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Interest On Chinese Junk Debt Soars To 2013 Highs

Interest on China’s junk debt in dollars has soared in recent days to highs in 2013, to around 18%, as a result of the contagion effect of the problems of the real estate sector to meet its commitments , with Evergrande as the main focus of uncertainty for being the largest company and with the most debt among the main involved.

Only in October, the real estate agency Fantasia has defaulted on the bond that expired on the 4th, Evergrande the coupon on the 11th, Modern Land has requested a three-month postponement for a bond also on the 11th, Xinyuan has announced that it will only return 5% of the total that he had committed for the 15th and Sinic that will be unpaid on the 18th.

Most analysts insist on ruling out systemic risk , although the tension mounts. The weight of the real estate sector in Chinese GDP reaches 25% , more than it represented for Spain or Ireland before the 2008 crisis.

” The real estate market represents a very high percentage of GDP for China’s leaders to allow great damage to occur and run the risk of triggering a more serious slowdown,” warns Jaime Raga, head of customer relations at UBS AM Iberia .

Furthermore, homes are by far the most important savings vehicle in an economy where capital controls restrict citizens’ ability to invest abroad.

At the moment, the chain of consequences is, in fact, very recognizable. In addition to the rise in interest, in the first place and with greater verticality in bonds that do not achieve investment grade, is precisely added the deterioration of the rating agencies’ ratings.

Evergrande is not an isolated case: Chinese real estate companies accumulate a debt greater than Japan’s GDP
Evergrande is not an isolated case: Chinese real estate companies accumulate a debt greater than Japan’s GDP

According to Bloomberg , Chinese property developers are suffering credit rating downgrades at the fastest pace in five years , “as the recent drop in new home sales adds to concerns about the sector’s debt problems,” summarizes the report. team of analysts from the economic information agency.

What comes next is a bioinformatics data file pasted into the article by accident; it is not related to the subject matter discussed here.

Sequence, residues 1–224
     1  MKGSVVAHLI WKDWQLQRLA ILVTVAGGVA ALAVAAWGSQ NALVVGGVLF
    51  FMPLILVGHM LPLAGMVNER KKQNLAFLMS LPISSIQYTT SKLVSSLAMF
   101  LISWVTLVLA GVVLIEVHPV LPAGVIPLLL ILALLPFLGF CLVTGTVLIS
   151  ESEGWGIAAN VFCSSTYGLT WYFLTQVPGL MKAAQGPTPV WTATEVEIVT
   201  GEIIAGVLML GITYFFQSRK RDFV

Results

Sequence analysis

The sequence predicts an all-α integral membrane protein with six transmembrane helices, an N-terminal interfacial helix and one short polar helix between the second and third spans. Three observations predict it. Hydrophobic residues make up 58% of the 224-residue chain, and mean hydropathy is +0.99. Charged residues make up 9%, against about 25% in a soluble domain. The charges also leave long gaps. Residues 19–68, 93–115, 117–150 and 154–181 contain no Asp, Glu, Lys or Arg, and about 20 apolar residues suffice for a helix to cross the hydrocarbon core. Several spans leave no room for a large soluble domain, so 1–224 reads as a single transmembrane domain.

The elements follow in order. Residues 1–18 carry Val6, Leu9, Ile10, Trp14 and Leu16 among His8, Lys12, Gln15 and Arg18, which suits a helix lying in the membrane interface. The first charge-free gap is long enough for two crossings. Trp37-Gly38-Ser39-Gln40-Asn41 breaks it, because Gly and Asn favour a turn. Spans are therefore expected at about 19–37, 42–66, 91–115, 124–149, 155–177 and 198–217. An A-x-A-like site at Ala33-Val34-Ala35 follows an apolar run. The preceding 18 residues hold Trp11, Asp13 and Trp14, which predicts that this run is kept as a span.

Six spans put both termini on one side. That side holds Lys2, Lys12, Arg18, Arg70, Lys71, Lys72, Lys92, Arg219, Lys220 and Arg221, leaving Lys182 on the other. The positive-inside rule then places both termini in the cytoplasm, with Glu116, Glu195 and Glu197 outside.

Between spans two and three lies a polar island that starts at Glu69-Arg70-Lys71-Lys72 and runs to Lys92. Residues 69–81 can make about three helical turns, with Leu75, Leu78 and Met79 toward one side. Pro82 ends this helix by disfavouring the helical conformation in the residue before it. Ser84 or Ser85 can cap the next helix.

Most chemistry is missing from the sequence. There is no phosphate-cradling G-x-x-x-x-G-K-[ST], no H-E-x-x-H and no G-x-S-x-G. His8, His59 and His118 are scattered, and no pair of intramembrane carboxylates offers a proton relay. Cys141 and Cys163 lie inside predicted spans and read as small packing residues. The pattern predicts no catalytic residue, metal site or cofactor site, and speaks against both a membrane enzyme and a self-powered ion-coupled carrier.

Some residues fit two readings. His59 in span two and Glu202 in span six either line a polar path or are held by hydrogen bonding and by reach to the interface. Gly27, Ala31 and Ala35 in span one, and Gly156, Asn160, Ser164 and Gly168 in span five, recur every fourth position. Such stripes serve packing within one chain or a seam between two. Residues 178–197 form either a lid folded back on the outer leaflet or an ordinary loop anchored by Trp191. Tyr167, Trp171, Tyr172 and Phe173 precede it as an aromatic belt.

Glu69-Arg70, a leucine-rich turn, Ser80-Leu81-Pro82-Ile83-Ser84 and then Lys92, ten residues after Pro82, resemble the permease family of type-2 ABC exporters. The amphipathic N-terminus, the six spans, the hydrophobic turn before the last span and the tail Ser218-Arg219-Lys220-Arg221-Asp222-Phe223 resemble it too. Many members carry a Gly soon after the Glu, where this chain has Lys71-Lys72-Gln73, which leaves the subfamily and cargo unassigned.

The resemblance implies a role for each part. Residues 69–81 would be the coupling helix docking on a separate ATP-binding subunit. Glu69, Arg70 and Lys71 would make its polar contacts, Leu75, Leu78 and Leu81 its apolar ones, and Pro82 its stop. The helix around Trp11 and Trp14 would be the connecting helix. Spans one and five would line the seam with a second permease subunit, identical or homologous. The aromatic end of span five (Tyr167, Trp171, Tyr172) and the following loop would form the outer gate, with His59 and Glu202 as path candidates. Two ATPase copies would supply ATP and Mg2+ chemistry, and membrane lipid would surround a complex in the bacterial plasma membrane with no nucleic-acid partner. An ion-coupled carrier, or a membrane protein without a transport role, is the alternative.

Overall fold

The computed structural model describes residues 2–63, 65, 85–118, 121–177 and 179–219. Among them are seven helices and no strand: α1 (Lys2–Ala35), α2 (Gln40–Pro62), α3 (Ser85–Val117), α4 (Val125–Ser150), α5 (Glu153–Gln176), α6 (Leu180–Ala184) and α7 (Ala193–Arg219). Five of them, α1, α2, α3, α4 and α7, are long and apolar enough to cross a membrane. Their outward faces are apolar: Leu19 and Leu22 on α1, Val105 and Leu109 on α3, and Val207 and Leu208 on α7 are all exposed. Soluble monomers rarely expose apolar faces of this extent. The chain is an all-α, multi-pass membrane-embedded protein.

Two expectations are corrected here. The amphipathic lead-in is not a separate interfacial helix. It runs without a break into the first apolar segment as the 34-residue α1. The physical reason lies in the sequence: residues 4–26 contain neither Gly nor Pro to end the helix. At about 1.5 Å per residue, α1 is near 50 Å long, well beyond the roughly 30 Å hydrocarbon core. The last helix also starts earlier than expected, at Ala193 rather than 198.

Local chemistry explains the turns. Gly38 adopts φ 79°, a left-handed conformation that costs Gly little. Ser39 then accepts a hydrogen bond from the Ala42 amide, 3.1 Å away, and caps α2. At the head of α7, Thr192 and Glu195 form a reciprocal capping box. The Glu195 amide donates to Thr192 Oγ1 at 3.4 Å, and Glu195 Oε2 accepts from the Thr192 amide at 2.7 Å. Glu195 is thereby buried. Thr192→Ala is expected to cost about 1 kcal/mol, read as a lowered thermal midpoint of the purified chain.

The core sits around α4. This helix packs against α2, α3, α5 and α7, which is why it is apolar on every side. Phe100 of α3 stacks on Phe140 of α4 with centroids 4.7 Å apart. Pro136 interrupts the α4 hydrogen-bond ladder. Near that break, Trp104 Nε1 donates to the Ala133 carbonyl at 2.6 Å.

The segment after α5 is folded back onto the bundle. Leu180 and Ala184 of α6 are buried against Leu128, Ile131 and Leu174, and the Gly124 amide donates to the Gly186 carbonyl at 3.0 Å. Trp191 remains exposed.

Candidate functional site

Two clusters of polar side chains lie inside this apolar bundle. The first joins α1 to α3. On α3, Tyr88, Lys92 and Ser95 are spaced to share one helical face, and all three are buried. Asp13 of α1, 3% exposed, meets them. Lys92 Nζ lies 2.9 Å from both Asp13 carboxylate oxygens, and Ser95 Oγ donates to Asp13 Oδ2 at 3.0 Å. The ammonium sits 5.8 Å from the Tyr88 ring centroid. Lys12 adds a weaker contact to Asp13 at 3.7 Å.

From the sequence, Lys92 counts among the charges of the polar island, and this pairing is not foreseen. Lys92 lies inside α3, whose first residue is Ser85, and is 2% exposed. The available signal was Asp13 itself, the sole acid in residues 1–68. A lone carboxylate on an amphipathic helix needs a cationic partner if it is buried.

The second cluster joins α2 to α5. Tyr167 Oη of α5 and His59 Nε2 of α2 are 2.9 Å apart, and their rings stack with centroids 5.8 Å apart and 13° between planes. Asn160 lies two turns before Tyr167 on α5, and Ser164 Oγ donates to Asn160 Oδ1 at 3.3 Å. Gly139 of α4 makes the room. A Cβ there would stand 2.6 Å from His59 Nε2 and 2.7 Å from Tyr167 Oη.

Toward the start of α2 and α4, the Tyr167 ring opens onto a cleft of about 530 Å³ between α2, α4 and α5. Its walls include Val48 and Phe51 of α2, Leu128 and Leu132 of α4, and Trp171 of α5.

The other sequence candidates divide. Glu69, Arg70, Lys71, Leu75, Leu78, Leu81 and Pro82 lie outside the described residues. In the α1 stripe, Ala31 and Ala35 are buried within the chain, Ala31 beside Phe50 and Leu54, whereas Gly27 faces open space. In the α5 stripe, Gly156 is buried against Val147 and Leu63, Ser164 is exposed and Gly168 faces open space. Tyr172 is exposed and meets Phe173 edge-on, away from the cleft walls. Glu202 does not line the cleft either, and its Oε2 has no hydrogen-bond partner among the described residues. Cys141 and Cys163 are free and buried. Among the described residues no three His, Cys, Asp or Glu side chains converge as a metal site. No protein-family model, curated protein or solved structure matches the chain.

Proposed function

Moody’s, Fitch Ratings and S&P cut Chinese real estate ratings 91 times through Sept. 30, three times the improvements since the start of 2021.

On the other hand, another symptom of the uncertainty has been the concern shown by the Chinese authorities about the health of the real estate sector, until planning a meeting with companies on Friday to learn about the risks they face in the coming months.

Great track record
In fact, different experts argue that China has a long history of managing high-level corporate problems without allowing them to become systemic risks.

“We do not believe that Evergrande, the example of excessive leverage and speculation in the Chinese real estate market, is the root of a systemic crisis”, remarks Vincent Chaigneau, director of analysis of Generali Investments, who explains that “the government [of the Asian giant ] has adopted a multiple strategy to cool down the housing market, which is working, however they will want to avoid a collapse, given the potential wealth effect and bank losses. “

“Evergrande has been grabbing the attention of both the Chinese and global markets of late: the major property developer debt crisis is a symptom of a shift in the way the Chinese authorities view the level of indebtedness in the system and reflects a greater tolerance to the possible negative economic repercussions associated with deleveraging “, Jaime Raga agrees.